Author | Panjiang
According to different brake actuators, Brake-By-Wire systems can be divided into Electro-Hydraulic Brake (EHB) and Electro-Mechanical Brake (EMB). Among them, EHB is currently the mainstream technology based on traditional hydraulic brake systems, which replaces some mechanical components with electronic devices and uses brake fluid as the transmission medium. At the same time, it has a hydraulic backup braking system. According to the degree of integration, EHB can be divided into Two-box and One-box solutions.
With the expansion of the new energy vehicle market, “eBooster + ESC” has become the most mainstream Two-box solution on the market. In addition to realizing basic brake assist functions and stability control functions, this solution can also coordinate and cooperate to ensure consistent pedal feel for the driver during the switch between electric and hydraulic braking while achieving brake energy recovery.
On the other hand, the line control brake is also the only way to support the braking system for cars towards a higher level of autonomous driving. With the popularity of advanced driver assistance systems and autonomous driving systems (including autonomous parking), “eBooster + ESC” as the mainstream brake redundancy solution on the current market has a greater stage to play.
Requirements of the braking system for autonomous driving
The core of an autonomous driving car is redundancy design, which is the consensus reached by the industry. Based on the SAE J3016 classification of automatic driving levels for cars, further classification can be made:
- Advanced Assisted Driving (including Level 1/Level 2)
- Autonomous Driving (including Level 3/Level 4/Level 5)
# Difference between ADAS and Autonomous Driving Cars
The biggest difference between ADAS (Advanced Driver Assistance Systems) and autonomous driving cars lies in the responsibility for accidents caused by system failures:
- For ADAS, in case of system failures, the responsibility lies with the driver, as long as the system reports the failure correctly. The driver’s skill decides whether the accident is avoided or not. The car manufacturer will not be held responsible.
- For autonomous driving, after system failure occurs, the system must operate to avoid accidents on its own (the higher the level of autonomous driving, the later the driver intervenes or even does not intervene at all). If accidents happen, the responsibility lies with the car manufacturer rather than the driver.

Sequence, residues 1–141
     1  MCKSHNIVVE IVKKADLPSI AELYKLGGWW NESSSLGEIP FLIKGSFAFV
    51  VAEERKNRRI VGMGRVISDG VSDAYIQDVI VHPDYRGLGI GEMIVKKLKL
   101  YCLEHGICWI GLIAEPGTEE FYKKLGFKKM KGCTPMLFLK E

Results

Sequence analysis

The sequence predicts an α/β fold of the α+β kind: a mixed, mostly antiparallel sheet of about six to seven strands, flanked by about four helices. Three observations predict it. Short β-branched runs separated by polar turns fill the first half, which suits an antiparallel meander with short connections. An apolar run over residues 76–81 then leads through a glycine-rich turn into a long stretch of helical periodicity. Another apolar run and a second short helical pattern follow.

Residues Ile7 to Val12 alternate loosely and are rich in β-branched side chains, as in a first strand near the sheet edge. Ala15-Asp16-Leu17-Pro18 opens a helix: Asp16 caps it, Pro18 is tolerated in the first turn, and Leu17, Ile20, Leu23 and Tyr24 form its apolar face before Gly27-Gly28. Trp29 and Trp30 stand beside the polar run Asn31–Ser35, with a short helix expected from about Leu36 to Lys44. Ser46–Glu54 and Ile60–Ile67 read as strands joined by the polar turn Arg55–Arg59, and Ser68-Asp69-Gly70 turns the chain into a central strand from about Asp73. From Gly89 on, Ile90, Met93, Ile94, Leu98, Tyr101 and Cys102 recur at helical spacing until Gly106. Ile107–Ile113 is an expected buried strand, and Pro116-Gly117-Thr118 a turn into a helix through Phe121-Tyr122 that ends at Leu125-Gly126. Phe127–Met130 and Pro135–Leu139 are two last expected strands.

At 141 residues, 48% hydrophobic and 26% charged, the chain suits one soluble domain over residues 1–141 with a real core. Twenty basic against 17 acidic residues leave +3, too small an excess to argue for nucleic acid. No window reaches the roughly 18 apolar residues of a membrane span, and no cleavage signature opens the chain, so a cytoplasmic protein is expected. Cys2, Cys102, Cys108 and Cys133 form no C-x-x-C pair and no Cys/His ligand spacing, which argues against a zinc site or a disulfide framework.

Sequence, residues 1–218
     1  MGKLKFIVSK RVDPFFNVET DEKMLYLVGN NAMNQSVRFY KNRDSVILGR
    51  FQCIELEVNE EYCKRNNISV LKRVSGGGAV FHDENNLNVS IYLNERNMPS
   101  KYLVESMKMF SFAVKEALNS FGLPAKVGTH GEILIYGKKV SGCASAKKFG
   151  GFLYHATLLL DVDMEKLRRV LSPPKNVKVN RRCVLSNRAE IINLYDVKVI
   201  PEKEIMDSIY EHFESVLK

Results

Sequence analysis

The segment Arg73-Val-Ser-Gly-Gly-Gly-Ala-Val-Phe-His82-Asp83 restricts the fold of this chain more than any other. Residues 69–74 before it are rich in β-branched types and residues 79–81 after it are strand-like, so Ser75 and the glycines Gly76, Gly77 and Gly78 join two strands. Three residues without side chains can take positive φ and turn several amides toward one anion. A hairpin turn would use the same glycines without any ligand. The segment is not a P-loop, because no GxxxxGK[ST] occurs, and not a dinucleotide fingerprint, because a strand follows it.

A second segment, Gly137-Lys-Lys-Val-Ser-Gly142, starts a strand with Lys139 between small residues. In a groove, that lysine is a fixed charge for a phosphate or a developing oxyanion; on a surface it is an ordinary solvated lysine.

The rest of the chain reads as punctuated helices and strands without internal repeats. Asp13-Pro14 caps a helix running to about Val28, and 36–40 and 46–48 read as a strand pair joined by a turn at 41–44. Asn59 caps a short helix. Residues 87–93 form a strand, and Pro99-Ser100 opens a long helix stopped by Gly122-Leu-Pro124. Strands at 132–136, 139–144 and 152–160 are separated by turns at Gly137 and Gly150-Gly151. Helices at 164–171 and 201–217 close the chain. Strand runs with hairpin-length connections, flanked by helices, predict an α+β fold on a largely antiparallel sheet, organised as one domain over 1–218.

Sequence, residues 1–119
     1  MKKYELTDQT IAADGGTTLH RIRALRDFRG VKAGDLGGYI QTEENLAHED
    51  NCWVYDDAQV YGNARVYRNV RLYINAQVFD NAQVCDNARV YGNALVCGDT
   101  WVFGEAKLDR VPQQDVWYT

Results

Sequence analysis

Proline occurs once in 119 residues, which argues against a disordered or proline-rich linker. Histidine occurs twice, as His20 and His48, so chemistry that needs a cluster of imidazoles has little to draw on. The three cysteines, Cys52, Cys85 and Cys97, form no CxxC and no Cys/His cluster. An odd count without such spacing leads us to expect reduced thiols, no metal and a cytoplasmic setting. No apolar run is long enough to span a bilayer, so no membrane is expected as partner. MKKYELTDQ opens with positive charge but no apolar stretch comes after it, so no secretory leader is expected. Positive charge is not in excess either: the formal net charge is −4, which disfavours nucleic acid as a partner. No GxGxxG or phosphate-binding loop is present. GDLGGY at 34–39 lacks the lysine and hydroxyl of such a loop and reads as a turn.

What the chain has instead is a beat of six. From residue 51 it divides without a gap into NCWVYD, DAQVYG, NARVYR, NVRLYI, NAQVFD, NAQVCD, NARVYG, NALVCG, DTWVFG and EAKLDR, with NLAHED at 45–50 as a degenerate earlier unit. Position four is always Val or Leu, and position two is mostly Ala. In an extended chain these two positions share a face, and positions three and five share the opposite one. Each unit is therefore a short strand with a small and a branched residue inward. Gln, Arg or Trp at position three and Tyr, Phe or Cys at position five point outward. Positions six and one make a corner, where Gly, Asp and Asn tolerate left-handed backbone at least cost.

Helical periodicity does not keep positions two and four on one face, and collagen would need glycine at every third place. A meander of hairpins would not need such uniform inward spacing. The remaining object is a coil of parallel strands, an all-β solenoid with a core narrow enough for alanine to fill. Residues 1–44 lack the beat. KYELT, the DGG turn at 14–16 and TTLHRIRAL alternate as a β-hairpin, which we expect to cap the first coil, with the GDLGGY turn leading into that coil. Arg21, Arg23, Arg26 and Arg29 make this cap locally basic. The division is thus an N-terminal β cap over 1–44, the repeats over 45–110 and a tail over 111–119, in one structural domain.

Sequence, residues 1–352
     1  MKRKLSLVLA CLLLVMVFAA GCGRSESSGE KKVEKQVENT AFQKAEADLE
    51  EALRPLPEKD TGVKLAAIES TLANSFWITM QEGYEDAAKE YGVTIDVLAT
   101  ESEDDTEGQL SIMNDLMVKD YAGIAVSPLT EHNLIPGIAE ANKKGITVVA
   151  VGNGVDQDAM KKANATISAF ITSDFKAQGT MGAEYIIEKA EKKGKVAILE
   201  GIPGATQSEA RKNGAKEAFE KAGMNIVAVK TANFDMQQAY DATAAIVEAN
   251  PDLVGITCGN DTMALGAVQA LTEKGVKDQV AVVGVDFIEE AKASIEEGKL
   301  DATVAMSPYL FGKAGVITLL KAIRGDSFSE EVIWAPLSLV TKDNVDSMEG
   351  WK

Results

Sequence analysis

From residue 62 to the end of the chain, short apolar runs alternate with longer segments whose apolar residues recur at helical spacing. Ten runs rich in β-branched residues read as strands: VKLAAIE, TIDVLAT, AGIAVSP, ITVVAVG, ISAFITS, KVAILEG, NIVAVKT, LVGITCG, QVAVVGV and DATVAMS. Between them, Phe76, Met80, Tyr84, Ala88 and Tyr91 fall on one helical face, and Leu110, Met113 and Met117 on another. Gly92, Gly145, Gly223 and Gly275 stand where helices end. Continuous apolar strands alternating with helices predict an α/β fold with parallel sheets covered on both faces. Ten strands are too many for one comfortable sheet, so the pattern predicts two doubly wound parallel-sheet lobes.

Based on this situation, redundant designs are needed for autonomous driving cars to ensure that the system can take over until it enters a safe state in case of system failure, thus avoiding the risk of personal injury while freeing the driver.
Currently, the industry generally agrees that vehicles that support Highly Automated Driving (HAD) require at least the following redundancy to ensure that the vehicle can enter a reasonable and safe state promptly after a single failure.
Regardless of whether the safety state is defined as “staying in the current lane” or “stopping on the emergency lane,” brake system redundancy is indispensable.
Besides HAD, autonomous parking technology is also a continuous research object for domestic and foreign car manufacturers. Remote Parking Control (RPC) and Automated Valet Parking (AVP) have been launched successively. RPC allows the driver to get off the vehicle and activate the entire parking process remotely (via the car key or a mobile app). The whole parking process is completely autonomous by the system, but the driver is still required to be within a certain range (EU regulation ECE-R 79 requires a radius of no more than 6m) from the vehicle. AVP is considered the optimal technical solution to solve the “last one-mile freedom” pain point for drivers. Simply put, AVP provides the following two major functions, fully meeting the ultimate imagination of the public for autonomous parking:“`